Los Lobos - photo credit: Drew Reynolds
As music fans, bands find their way into our song-obsessed hearts in a variety of ways and some of the best experiences come about very unexpectedly.

I think we all have those early albums that we remember hearing that were different. They were different, because top to bottom, the listening experience provided a sonic knockout because of the quality of the songs and in some cases, where the band took those songs.

Kiko by Los Lobos hit the mark on both of those points. Spanning 16 tracks, it was a remarkably filler-free listen that found the band reaching new creative peaks throughout. Los Lobos were extremely inspired during the recording sessions for Kiko and that comes through in the vibe of the songs which made it to our ears in album form.

And yet, it wasn’t an easy time for the band. They began the sessions for what would become Kiko surrounded by feelings of frustration. The creation of their previous album The Neighborhood had been somewhat of a soul sucking experience on many levels and the touring process to promote the album would leave the group bleeding money at its conclusion.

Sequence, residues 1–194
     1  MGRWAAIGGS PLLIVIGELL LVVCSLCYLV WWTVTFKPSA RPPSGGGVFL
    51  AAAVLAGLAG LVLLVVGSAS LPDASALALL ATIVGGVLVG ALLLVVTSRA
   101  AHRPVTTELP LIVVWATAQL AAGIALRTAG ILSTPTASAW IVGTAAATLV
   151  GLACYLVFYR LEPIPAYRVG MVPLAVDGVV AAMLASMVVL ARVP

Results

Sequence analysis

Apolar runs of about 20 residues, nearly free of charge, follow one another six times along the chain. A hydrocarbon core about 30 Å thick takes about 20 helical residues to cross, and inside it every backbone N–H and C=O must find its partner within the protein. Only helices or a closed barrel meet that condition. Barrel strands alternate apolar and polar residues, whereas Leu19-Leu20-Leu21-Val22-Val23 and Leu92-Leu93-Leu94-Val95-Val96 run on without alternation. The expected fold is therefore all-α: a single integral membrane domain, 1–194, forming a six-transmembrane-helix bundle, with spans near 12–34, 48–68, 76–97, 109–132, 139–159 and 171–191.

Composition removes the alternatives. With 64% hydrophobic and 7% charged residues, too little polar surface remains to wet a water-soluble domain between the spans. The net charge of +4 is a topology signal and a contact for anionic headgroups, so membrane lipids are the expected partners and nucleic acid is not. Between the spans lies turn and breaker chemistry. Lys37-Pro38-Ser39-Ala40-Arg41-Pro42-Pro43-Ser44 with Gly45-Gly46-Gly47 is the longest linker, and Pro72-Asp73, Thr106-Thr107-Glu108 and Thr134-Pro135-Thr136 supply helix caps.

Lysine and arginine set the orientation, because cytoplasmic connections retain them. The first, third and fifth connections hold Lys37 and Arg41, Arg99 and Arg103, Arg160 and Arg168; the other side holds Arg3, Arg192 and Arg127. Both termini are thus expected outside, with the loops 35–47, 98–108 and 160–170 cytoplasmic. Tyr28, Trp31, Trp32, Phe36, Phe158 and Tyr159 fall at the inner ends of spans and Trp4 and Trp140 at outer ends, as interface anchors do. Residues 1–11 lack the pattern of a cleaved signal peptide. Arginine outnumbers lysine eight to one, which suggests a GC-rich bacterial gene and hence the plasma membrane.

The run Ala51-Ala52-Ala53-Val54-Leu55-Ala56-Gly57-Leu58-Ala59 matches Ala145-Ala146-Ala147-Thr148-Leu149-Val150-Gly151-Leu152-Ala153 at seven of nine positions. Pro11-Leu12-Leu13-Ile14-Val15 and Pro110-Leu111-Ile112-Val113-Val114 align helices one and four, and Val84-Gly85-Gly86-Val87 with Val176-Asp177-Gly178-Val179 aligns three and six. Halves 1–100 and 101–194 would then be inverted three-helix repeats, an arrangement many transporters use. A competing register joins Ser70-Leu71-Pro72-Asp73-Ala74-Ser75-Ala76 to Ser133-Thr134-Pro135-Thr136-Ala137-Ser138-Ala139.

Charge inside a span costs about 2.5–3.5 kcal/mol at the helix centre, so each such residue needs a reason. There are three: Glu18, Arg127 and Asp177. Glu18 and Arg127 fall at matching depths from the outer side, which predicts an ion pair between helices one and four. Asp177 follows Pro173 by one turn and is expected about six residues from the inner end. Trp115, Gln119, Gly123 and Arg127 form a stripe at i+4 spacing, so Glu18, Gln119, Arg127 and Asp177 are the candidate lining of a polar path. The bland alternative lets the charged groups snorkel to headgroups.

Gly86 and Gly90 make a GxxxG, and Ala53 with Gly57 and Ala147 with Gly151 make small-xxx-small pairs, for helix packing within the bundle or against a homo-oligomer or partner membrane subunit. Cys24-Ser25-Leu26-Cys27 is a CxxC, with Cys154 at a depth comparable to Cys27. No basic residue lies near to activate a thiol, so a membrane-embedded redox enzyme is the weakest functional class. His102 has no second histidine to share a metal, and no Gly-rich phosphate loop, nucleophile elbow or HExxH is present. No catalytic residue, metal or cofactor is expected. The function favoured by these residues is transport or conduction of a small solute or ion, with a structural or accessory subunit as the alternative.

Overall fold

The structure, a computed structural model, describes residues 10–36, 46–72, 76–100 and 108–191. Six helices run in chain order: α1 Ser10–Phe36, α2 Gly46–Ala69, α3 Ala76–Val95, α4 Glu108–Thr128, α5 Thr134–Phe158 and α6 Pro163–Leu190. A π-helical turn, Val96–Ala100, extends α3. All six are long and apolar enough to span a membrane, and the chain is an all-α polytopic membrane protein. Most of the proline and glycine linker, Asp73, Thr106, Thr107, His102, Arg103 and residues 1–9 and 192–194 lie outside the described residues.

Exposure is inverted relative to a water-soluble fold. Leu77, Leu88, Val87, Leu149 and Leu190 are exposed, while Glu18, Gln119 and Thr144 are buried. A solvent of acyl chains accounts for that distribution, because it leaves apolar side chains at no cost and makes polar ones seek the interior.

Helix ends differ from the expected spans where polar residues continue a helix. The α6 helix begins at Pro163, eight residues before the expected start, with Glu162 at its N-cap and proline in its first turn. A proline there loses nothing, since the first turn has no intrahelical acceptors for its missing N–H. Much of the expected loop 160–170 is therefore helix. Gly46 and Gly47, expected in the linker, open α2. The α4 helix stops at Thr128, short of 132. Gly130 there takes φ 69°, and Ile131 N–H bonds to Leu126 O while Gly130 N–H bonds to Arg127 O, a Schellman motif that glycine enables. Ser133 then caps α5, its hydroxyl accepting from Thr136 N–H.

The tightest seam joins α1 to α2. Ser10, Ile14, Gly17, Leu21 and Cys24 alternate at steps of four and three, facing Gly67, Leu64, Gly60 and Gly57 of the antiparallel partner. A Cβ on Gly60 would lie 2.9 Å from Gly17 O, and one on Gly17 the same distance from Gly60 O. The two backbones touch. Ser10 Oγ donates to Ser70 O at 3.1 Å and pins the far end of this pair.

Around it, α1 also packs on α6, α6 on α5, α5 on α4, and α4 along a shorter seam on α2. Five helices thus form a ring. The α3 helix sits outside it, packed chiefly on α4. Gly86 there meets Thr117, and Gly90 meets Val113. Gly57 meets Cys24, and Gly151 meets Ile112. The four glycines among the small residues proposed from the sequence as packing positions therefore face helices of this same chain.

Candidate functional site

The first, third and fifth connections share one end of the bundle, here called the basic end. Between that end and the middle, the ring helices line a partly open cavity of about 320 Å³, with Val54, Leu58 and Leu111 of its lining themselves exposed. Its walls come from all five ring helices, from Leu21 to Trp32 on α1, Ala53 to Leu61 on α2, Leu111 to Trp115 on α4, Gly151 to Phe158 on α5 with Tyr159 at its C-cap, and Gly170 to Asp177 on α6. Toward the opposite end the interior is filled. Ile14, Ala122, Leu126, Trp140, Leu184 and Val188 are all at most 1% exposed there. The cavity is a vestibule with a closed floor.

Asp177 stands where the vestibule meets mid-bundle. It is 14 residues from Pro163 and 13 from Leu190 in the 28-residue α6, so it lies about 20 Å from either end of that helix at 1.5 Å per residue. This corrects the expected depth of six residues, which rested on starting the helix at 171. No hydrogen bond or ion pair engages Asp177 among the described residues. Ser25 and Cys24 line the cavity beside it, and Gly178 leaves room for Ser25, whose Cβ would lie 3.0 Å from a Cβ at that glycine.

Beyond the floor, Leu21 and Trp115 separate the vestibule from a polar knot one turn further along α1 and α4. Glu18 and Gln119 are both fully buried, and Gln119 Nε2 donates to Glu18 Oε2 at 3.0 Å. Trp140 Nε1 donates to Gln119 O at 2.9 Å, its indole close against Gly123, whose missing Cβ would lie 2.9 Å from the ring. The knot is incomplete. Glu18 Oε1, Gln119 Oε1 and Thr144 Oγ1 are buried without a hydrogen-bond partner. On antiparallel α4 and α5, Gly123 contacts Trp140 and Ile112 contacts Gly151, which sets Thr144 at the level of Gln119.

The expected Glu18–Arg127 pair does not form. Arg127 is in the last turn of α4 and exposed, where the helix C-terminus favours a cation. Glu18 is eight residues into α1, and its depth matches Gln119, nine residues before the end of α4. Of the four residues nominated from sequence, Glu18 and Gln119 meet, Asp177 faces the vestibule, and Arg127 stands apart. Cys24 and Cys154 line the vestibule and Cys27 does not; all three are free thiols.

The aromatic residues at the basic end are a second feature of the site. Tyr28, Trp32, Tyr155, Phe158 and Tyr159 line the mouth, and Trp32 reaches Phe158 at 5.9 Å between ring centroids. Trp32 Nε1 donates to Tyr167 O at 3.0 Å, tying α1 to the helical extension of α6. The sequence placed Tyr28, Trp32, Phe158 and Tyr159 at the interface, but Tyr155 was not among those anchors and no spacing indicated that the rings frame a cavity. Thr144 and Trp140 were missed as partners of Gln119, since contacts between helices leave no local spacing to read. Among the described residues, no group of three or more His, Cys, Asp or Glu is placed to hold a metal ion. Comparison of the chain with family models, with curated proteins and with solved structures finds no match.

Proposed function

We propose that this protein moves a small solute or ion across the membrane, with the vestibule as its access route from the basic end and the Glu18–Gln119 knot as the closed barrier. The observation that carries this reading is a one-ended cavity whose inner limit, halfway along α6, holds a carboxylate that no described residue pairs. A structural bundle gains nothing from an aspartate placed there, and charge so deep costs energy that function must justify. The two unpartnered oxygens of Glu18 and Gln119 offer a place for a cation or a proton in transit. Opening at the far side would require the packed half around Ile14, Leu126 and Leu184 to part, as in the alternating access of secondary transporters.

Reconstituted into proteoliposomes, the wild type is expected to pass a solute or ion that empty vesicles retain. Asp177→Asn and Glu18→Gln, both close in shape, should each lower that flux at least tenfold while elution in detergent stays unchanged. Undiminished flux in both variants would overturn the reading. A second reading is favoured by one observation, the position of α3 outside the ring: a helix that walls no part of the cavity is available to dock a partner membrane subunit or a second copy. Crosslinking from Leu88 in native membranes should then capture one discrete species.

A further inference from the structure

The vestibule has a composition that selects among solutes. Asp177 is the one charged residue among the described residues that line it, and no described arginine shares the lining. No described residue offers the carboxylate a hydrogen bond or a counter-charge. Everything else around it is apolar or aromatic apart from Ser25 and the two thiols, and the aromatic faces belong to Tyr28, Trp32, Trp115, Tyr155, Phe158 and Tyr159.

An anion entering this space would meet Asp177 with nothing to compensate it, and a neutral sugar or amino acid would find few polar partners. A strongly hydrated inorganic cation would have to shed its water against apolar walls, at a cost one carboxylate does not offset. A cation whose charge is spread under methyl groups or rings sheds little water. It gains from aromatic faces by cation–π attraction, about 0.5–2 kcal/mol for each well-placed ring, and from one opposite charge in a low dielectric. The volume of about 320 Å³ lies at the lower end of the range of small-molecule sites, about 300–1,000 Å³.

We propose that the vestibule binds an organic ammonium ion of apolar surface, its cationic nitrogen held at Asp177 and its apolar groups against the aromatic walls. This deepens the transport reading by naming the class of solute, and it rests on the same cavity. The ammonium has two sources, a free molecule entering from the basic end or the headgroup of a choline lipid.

As saxophonist/keyboardist Steve Berlin tells us, they entered the process of recording their next album “pissed off” about a number of things, but they had a new approach in mind. They were going to do things their way and that artistic leap of faith certainly paid off. Berlin says they knew when they completed recording sessions for Kiko that they had captured “something that was pretty special.”

20 years after its original 1992 release, Kiko is getting a well-deserved ticker tape parade in the form of two new releases from Shout! Factory. The original Kiko album has been expanded with five additional bonus tracks, including previously unreleased studio demos and live tracks.

Additionally, Kiko Live presents a full album performance from 2006 which reveals how perfectly the Kiko album was sequenced. It flows very naturally in the live setting. Available on CD, DVD and CD/Blu-ray, the video component of this package is an essential pickup. Documentary footage surrounds the live performance of the album and tells the complete story of how Kiko came together, featuring interviews conducted with the members of Los Lobos specifically for this project.